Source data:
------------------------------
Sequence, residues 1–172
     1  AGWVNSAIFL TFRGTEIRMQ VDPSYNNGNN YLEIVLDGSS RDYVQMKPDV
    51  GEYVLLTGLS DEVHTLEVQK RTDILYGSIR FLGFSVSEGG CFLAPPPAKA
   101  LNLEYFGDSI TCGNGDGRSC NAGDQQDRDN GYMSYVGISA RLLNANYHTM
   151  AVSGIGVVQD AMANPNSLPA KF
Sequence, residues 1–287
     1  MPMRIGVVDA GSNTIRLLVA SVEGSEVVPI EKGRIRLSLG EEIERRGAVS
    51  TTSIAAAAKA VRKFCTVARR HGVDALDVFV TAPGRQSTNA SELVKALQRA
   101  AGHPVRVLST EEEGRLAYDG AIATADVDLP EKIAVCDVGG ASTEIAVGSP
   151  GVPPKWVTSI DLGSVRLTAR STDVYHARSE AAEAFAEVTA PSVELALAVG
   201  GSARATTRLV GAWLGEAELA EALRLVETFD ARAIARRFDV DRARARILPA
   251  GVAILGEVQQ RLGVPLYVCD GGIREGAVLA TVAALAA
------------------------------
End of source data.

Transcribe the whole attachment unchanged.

Sequence, residues 1–172
     1  AGWVNSAIFL TFRGTEIRMQ VDPSYNNGNN YLEIVLDGSS RDYVQMKPDV
    51  GEYVLLTGLS DEVHTLEVQK RTDILYGSIR FLGFSVSEGG CFLAPPPAKA
   101  LNLEYFGDSI TCGNGDGRSC NAGDQQDRDN GYMSYVGISA RLLNANYHTM
   151  AVSGIGVVQD AMANPNSLPA KF
Sequence, residues 1–287
     1  MPMRIGVVDA GSNTIRLLVA SVEGSEVVPI EKGRIRLSLG EEIERRGAVS
    51  TTSIAAAAKA VRKFCTVARR HGVDALDVFV TAPGRQSTNA SELVKALQRA
   101  AGHPVRVLST EEEGRLAYDG AIATADVDLP EKIAVCDVGG ASTEIAVGSP
   151  GVPPKWVTSI DLGSVRLTAR STDVYHARSE AAEAFAEVTA PSVELALAVG
   201  GSARATTRLV GAWLGEAELA EALRLVETFD ARAIARRFDV DRARARILPA
   251  GVAILGEVQQ RLGVPLYVCD GGIREGAVLA TVAALAA